As a man remains the same when he has changed his clothing, so is the Lord

evermore the unchanging One, though His works in creation may be changed, and

the operations of His providence may vary. When heaven and earth shall flee away

from the dread presence of the great Judge, He will be unaltered by the terrible

confusion, and the world in conflagration will effect no change in Him; even so, the Psalmist

remembered that when Israel was vanquished, her capital destroyed, and her temple

leveled with the ground, her God remained the same self-existent,

all-sufficient being, and would restore His people, even as He will restore the

heavens and the earth, bestowing at the same time a new glory never known

before. The doctrine of the immutability of God should be more considered than it is,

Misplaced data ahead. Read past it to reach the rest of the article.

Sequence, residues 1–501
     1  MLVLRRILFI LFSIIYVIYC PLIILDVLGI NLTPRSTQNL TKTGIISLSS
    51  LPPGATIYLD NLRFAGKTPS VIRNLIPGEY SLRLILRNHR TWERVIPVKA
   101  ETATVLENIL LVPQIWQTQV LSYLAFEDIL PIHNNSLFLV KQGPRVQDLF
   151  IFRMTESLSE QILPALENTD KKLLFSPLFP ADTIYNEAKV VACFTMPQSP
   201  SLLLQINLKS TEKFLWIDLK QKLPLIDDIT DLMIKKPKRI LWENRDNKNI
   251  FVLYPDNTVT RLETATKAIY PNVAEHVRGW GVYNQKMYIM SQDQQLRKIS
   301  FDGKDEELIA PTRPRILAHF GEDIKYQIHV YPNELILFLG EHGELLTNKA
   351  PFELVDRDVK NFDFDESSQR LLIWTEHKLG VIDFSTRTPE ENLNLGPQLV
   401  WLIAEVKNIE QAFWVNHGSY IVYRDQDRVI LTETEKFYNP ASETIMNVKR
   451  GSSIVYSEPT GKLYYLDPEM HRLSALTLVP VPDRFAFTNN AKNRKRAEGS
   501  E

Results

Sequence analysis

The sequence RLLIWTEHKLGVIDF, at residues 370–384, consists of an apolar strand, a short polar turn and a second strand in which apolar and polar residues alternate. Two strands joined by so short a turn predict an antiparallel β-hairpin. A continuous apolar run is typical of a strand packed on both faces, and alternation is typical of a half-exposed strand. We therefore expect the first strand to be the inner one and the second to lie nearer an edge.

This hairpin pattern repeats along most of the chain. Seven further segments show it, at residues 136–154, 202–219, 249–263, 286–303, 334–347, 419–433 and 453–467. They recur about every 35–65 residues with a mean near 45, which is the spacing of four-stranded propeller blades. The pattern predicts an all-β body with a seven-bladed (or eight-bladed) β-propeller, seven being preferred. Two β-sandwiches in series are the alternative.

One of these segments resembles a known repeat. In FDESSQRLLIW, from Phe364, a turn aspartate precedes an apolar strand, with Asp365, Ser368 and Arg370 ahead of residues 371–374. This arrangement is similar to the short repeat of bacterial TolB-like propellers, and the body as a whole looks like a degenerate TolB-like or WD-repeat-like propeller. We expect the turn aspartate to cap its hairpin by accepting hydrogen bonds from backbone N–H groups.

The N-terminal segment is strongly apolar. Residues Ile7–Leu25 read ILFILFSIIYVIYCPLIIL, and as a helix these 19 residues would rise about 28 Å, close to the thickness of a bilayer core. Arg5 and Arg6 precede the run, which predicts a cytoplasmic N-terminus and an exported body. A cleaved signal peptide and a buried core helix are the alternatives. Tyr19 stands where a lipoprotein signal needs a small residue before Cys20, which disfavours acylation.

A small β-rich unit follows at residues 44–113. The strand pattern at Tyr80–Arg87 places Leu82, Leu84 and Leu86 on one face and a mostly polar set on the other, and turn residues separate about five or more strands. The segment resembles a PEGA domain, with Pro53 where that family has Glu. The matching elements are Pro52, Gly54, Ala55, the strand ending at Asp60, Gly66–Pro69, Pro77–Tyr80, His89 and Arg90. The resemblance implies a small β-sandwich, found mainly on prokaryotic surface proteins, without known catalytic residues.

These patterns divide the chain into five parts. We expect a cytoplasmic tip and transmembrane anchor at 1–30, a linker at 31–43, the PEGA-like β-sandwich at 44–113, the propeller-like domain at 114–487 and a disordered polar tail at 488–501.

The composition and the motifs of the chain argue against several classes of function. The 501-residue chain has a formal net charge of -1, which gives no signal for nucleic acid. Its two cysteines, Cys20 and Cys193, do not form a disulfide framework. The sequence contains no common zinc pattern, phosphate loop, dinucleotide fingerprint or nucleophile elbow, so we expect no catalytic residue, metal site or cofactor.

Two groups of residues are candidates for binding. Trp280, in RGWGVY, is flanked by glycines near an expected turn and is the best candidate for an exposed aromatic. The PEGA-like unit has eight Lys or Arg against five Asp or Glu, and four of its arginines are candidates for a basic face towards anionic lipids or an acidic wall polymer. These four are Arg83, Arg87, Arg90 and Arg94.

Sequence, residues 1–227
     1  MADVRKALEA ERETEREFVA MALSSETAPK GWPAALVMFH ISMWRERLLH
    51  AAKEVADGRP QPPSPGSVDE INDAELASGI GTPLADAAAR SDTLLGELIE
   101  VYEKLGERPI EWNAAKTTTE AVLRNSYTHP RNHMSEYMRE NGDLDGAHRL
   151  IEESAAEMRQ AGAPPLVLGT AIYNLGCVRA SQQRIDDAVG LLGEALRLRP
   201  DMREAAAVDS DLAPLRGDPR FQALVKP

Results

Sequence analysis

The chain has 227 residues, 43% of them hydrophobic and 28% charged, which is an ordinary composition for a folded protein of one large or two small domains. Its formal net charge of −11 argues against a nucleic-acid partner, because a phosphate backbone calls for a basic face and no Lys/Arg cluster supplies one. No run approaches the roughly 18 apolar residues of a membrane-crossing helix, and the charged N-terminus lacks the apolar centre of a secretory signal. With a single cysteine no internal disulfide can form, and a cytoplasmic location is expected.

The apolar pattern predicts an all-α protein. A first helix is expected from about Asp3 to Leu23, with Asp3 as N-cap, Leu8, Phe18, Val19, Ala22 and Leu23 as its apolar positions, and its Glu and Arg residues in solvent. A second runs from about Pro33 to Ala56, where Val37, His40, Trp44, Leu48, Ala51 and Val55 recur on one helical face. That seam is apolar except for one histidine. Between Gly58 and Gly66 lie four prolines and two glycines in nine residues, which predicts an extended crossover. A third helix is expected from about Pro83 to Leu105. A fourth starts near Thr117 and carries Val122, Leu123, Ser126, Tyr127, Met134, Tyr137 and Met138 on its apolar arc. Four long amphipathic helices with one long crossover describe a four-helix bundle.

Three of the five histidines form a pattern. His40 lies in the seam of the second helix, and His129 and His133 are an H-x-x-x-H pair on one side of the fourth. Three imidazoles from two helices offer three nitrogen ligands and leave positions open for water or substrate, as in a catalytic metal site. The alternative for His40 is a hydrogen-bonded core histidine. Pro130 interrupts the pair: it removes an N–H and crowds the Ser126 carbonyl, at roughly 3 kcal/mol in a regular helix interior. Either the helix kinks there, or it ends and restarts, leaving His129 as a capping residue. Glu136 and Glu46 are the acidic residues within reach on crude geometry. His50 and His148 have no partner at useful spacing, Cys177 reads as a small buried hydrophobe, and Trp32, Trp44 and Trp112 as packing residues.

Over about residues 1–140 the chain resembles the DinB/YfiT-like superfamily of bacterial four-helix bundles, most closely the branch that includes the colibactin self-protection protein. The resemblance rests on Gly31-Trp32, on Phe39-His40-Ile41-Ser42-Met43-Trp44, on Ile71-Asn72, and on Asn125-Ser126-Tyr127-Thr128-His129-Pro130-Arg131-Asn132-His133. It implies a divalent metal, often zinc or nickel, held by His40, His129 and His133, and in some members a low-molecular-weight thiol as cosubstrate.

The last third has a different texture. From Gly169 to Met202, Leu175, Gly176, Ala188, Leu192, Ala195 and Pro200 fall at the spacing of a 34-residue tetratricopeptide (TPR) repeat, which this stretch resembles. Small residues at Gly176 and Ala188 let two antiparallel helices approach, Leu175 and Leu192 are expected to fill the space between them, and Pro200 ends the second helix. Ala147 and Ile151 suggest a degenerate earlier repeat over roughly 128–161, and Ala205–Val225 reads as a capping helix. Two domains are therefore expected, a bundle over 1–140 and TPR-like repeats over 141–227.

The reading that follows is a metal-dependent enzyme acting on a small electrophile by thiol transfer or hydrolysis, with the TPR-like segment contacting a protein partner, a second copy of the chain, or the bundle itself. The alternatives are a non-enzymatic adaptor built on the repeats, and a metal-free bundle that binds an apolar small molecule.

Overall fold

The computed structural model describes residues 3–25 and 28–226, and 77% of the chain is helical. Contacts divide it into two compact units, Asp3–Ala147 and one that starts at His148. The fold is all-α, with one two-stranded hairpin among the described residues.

for the neglect of it tinges the theology of many religious teachers, and makes them

utter many things of which they would have seen the absurdity long ago if they

had remembered the divine declaration, "I am God, I change not, therefore

ye sons of Jacob are not consumed." (Malachi 3:6)  And thy years shall have no

end.”   It is by an accommodation to human modes of thought that God’s “years”

are spoken of. An eternal existence is a unity — not made up of years and days.

God lives on, no decay can happen to Him, or destruction overtake Him. What a

joy is this! We may lose our dearest earthly friends, but not our heavenly Friend.

Men's days are often  suddenly cut short, and at the longest they are but few, but